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The Great Gatsby by F. Scott Fitzgerald

“Whenever you feel like criticizing any one…just remember that all the people in this world haven’t had the advantages that you’ve had.” – Chapter. 1, said Carraway Senior to Nick Carraway.

Nick is a young bachelor who graduates from Yale [New Haven] in 1915, he moves to New York City to “learn the bond business” in 1922, secrets that only Midas, Morgan and Maecenas knew. He rented a place in West Egg, with a rich neighbour who throws lavish party to hundreds every weekend, and all who are invited and not invited comes over for a good time.

Daisy is Nick’s second cousin once removed and who is married to Tom Buchanan, a football player at New Haven. Nick met Jordan Baker, a wellknown female golfer at Daisy’s and told him that Tom has a mistress in New York City. Tom offers Nick a lift and on the way they stop at a shabby garage owned by George Wilson, where Nick is introduced to the owner’s wife, Myrtle (Tom’s mistress).

Nick soon finds out that his next-door neighbour is a surprisingly young, mysterious Jay Gatsby, and was invited one day to his party and an unlikely friendship between Nick and Gatsby began. There were a lot of question of how Gatsby made a fortune and why he is throwing lavish party every weekend to hundreds of strangers.

Beneath the shimmering surface of his life, Gatsby is hiding a secret: a silent longing that can never be fulfilled. And soon this destructive obsession will force his world to unravel and spiral into irreversible tragedy.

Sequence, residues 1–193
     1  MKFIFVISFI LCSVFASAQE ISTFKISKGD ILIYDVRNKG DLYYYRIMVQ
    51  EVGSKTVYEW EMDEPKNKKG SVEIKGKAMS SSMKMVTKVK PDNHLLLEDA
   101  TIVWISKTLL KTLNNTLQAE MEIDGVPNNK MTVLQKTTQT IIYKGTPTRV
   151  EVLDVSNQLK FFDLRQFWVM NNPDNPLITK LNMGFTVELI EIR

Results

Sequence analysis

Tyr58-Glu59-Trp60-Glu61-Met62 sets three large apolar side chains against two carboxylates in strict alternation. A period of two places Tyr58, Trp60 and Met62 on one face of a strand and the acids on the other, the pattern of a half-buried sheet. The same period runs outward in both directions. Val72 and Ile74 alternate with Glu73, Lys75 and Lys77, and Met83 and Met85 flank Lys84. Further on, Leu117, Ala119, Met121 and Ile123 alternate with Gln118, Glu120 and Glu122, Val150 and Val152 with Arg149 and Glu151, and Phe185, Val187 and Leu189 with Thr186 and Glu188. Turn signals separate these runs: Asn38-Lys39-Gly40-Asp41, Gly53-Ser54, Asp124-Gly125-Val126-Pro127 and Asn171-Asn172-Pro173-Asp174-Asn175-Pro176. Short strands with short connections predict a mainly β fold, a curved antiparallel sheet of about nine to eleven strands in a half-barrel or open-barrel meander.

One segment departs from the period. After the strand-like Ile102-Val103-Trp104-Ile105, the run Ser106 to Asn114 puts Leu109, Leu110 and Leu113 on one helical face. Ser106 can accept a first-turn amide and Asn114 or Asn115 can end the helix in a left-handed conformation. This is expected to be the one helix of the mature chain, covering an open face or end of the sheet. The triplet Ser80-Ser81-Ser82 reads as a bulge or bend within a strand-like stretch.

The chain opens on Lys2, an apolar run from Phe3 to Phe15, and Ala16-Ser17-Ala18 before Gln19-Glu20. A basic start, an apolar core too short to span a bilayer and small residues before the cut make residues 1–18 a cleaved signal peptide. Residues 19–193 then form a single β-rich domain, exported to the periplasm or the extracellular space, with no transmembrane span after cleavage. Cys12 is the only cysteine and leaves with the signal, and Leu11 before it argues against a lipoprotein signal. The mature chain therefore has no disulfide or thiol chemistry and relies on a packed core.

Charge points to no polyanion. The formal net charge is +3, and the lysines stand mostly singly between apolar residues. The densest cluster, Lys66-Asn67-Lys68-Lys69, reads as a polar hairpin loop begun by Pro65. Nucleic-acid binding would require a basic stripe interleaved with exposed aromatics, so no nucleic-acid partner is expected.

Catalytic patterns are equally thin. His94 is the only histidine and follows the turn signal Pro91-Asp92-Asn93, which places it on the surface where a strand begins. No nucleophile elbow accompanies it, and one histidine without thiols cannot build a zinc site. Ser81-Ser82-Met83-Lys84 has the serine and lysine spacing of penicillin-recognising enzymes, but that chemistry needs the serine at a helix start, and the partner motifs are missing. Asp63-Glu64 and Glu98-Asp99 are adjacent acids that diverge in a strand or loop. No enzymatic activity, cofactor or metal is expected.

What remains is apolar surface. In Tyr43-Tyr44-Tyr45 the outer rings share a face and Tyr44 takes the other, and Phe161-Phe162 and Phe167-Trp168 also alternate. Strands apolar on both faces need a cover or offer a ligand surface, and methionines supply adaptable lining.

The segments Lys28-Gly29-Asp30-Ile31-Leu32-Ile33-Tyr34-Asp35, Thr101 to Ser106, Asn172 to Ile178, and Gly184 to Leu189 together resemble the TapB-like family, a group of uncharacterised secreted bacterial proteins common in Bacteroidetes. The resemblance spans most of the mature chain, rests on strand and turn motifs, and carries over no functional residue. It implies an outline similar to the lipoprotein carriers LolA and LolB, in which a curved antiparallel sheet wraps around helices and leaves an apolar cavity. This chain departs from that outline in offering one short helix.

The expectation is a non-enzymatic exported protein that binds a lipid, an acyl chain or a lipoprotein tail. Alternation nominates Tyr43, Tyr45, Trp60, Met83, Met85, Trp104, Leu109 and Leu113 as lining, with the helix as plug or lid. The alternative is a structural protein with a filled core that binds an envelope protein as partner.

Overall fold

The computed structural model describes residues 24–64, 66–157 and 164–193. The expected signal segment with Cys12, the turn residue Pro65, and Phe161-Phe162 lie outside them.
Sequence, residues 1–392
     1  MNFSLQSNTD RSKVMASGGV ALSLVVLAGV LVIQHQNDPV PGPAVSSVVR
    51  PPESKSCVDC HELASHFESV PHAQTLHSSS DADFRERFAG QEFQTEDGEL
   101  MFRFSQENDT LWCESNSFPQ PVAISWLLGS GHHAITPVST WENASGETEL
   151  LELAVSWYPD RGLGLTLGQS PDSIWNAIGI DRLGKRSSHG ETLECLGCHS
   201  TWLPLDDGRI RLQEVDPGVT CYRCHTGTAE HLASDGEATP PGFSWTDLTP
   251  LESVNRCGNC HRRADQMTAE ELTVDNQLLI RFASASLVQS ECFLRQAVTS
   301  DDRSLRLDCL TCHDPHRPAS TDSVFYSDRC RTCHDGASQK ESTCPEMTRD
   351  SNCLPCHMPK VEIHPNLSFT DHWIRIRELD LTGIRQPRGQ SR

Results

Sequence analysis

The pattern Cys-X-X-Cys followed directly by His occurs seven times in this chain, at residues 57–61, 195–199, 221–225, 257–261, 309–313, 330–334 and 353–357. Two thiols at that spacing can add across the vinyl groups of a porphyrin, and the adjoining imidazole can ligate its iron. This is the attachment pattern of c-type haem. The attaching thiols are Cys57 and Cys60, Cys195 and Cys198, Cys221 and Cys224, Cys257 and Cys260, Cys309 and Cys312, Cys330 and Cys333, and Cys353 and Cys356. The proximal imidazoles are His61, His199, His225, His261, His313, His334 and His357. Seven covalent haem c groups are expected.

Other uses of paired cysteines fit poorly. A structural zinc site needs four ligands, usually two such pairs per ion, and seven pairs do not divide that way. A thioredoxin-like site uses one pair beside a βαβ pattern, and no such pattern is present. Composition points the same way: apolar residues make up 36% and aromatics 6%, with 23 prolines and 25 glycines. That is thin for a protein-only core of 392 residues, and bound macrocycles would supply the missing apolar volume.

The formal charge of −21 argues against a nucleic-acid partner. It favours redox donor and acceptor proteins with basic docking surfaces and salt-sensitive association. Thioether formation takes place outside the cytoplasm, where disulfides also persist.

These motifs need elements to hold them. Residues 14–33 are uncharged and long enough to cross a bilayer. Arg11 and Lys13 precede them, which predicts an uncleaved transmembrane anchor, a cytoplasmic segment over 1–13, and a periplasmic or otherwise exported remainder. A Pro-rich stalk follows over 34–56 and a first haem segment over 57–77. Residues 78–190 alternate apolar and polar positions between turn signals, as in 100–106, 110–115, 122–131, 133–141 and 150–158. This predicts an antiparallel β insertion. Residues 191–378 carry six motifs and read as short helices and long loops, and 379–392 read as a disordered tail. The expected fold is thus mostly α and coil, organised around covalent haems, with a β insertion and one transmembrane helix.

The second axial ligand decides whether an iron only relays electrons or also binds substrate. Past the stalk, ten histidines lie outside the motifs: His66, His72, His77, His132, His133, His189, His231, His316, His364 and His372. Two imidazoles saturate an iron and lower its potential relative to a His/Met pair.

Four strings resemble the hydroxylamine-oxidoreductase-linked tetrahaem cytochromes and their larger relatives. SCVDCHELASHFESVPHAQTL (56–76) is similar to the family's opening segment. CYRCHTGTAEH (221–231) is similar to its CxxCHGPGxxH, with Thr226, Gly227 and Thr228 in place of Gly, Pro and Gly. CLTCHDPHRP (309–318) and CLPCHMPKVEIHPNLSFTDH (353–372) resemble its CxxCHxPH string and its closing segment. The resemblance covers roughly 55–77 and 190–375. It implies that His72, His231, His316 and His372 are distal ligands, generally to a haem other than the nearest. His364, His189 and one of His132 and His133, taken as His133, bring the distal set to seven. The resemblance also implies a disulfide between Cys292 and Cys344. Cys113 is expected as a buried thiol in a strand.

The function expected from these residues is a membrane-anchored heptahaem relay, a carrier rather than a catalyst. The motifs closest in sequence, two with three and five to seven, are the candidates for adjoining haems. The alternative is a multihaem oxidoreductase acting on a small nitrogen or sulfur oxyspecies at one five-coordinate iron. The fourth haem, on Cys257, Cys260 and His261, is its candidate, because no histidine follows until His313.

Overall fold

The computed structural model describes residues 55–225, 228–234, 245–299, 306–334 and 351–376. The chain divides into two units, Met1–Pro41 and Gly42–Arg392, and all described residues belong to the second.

“And as I sat there, brooding on the old, unknown world, I thought of Gatsby’s wonder when he first picked out Daisy’s light at the end of his dock. He had come such a long way to this blue lawn, and his dream must have seemed so close he could hardly fail to grasp it. But what he did not know was that it was already behind him, somewhere in the vast obscurity beyond the city, where the dark fields of the republic rolled on under the night.” Chapter. 9

The Great Gatsby tells of the pursuit of the American dream in the “Jazz Age” and also the hollowness that comes with it. It is said, Following the shock and chaos of World War I, American society enjoyed unprecedented levels of prosperity during the “roaring” 1920s as the economy soared. At the same time, Prohibition, the ban on the sale and manufacture of alcohol as mandated by the Eighteenth Amendment, made millionaires out of bootleggers and led to an increase in organized crime, for example the Jewish mafia. Fitzgerald, like Nick Carraway in his novel, idolized the riches and glamour of the age, he was uncomfortable with the unrestrained materialism and the lack of morality that went with it, a kind of decadence.

“I see now that this has been a story of the West, after all–Tom and Gatsby, Daisy and Jordan and I, were all Westerners, and perhaps we possessed some deficiency in common which made us subtly unadaptable to Eastern life.”

“Gatsby believed in the green light, the orgiastic future that year by year recedes before us. It eluded us then, but that’s no matter–tomorrow we will run faster, stretch out our arms farther…. And one fine morning– So we beat on, boats against the current, borne back ceaselessly into the past.”